Suzanne Burke chose this interesting photo prompt for her Fiction in a Flash Challenge. Hop over, check out the entries, and join in here.

Where One Door Closes…

Hank straightened his tie and used the back of his pant legs to polish worn shoes, balancing like a flamingo in front of the dark wood door. Nervous perspiration coated his forehead and under arms covered in the only suit he owned– a heavy gray woolen affair he’d picked up for a steal when his father passed away two years ago.

His father.

It was because of the old man he was in this position. The letter from the lawyer was explicit; if he wanted to inherit (and Lord knows, he did) he had to show up to this interview and make a good impression, or the entire estate would go to his father’s favorite charity- cat rescue.

Fine. He could hop to his dad’s tune one last time; especially if it meant he’d have the last laugh. Five long years since he’d been banished from home. Five miserable, hungry, destitute years. When he got the money, the first thing he was going to do is eat the biggest steak he could buy. Hell, he might even buy a round for the house. That would get the old man’s knickers in a knot- wherever he was.

Filled with renewed determination, Hank lifted his hand to knock, vaguely surprised by the heat he could feel on the door. Number thirteen, Triskaidekaphobia. Trust his father to test his superstitious beliefs. Maybe this was all some sick game concocted by a mean-minded egomaniac determined to make his only son tow the line. It would be just like him.

Hank lowered his fist and began to turn away, his shoulders dejected, when the door swung open, revealing a black maw beyond.

“H… hello?” he called, his voice quivering though he tried to overcome his fear. “W… who’s there?”

The hinges creaked under the force of his hand, the shadows lengthening out to encompass his legs. Frightened, but curious, he pushed his way into the dark room. The air was stagnant and held the scent of incense- or was that kerosene? Either way, it made his head swim.

The door closed with a decisive snap, enshrouding him in the tomb-like atmosphere. A lamp flickered to life on a wide oak desk situated in the middle of the room. A man with benevolent features gestured for Hank to take a seat.

Left with little choice, he did as directed, perching on the edge of the hard chair. “Now what?” he demanded, angry at whatever sick game his father had arranged for him today.

The stranger raised a snow-white brow and pushed two sets of papers across the broad expanse of the desk. Next, he laid a gold pen within Hank’s reach. “Choose carefully,” he said, and sat back, fingers steepled under his chin.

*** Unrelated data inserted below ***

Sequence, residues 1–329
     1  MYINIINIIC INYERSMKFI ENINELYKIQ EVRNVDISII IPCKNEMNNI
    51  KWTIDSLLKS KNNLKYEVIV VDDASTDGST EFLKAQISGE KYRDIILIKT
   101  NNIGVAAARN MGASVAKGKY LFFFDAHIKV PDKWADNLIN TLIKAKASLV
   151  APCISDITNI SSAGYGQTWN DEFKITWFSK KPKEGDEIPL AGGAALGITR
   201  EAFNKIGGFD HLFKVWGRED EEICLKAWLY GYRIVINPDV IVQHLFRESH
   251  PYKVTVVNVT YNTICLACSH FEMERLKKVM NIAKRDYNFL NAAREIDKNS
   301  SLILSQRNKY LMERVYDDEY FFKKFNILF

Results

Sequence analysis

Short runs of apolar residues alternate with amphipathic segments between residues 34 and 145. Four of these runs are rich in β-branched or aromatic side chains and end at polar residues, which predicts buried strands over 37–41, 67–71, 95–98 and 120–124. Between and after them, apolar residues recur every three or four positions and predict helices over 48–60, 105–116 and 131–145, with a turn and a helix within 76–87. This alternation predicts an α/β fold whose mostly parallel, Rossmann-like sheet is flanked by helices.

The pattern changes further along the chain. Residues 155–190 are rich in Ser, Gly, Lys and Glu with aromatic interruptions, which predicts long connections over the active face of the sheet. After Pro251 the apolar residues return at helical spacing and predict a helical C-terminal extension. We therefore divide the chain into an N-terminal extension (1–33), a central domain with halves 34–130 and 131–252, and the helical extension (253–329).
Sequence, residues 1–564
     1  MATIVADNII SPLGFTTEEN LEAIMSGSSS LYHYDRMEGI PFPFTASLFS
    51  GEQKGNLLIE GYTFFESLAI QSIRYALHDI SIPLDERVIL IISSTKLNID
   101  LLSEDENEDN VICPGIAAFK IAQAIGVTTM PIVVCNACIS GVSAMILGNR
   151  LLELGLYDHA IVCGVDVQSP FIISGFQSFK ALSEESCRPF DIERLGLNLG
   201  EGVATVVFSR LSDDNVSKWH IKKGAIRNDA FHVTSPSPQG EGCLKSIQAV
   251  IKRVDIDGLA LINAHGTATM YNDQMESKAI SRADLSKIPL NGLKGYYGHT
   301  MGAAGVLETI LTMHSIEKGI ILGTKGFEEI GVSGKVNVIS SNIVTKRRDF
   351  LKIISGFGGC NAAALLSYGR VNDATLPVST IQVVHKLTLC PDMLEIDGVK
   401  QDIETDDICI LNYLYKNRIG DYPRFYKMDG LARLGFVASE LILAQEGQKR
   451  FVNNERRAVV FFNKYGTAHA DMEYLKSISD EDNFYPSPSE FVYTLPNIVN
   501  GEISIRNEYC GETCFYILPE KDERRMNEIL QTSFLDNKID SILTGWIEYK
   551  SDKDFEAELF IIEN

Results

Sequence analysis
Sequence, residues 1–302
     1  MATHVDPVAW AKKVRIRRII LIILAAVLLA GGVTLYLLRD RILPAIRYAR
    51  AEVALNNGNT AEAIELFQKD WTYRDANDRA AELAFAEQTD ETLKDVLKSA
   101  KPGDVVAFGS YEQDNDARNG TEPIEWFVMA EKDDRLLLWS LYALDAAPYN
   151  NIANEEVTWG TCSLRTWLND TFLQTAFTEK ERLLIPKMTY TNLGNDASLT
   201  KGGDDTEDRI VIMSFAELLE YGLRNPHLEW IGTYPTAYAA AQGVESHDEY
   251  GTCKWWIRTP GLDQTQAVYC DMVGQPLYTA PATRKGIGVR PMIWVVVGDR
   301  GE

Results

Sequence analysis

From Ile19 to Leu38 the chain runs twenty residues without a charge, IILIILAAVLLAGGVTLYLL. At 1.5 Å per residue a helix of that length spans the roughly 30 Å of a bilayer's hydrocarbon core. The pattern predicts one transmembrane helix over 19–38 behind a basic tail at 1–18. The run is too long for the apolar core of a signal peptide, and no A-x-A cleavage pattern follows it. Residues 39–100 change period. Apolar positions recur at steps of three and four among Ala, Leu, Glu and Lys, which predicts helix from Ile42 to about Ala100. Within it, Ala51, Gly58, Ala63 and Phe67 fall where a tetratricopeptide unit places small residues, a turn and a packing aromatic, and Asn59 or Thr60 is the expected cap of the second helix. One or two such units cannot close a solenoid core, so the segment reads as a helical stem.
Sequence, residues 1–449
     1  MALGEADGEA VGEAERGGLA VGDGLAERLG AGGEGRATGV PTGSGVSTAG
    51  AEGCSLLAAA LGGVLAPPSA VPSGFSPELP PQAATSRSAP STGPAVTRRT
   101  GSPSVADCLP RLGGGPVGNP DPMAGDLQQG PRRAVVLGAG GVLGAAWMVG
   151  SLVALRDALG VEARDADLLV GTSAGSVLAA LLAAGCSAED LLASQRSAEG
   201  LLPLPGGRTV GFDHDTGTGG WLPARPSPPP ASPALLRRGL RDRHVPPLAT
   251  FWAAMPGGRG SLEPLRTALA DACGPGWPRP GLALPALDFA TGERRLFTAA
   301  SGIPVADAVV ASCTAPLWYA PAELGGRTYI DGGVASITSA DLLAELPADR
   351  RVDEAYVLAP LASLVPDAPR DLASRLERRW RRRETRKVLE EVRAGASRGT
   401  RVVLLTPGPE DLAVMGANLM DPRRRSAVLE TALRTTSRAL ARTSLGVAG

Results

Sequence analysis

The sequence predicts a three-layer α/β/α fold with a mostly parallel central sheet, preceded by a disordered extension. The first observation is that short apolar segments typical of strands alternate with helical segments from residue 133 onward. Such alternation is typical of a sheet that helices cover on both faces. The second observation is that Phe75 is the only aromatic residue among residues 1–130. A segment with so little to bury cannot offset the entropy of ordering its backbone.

Ready to walk out and forget the whole thing, Hank nevertheless picked up the first sheaf of papers and began to read. It was a journal of his life; an itemized list from birth to the day he left home- all the embarrassing tantrums, name-calling, stealing- it was all there.

Unable to keep reading, he set down the first set of papers and picked up the next. This one was also a journal, but more of a fantasy interpretation. It portrayed him as a sweet and generous child, smart, kind, well-liked. The opposite of how he’d been- truth beknown.

“Fine, I’ve read this crap. What do you want from me?” He threw the papers down and glared defiantly at the old man facing him.

The stranger shrugged. “It’s up to you. Choose the life you believe you’ve led, and sign. One will grant you eternal riches, and the other… won’t.”

Hank swore softly under his breath. Trust the old man to throw one last hurdle at him from the grave. Question was; which story would give him what he wanted?

Picking up the fine gold pen, he hesitated over one, then the other, before finally slashing his name across the page and shoving the whole works across the desk. “There, you have your signature. Where’s my money?”

The old man glanced at the papers and smiled, delight turning his dark eyes into flames. “If you’re sure that’s your answer, your quest begins on the other side of the door behind you.”

Hank rose and stared at the door he’d come through. What was this? There’d been nothing but a long dark hallway leading to this room. Certainly, no one waiting to bequeath him his money. Whipping around, he opened his mouth to complain, but the desk and old man had vanished!

The hairs rose on his nape, sending shivers scuttling down his back. He wished now he’d never heard from his dad’s lawyer. Never given in to the temptation of an easier life. Maybe, he’d give some of the money to help those like himself, guys down on their luck. Yeah, that’s what he would do.

Feeling better already, Hank strode across the room and swung the door open, only to fall back in shock. “Fa… father?” he whispered.

His dad held out his hands, his body backlit with flames. “Come, son, you’re one of us now.”

The choices we make in life
are ones that will follow
in death.
So, choose wisely, my friend,
that you will see Heaven
instead of Hell.

It’s Not Too Late!

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36 thoughts

  1. What a great story and exquisite writing, Jacquie! I love how you built the suspense and then threw in the twist. This is an amazing story! ✨✨✨✨✨

    Liked by 1 person

  2. After reading your piece, the first thing that came to mind was The Cat’s in the Cradle by Harry Chapin. “He’d grown up just like me. My boy was just like me.”

    Liked by 1 person

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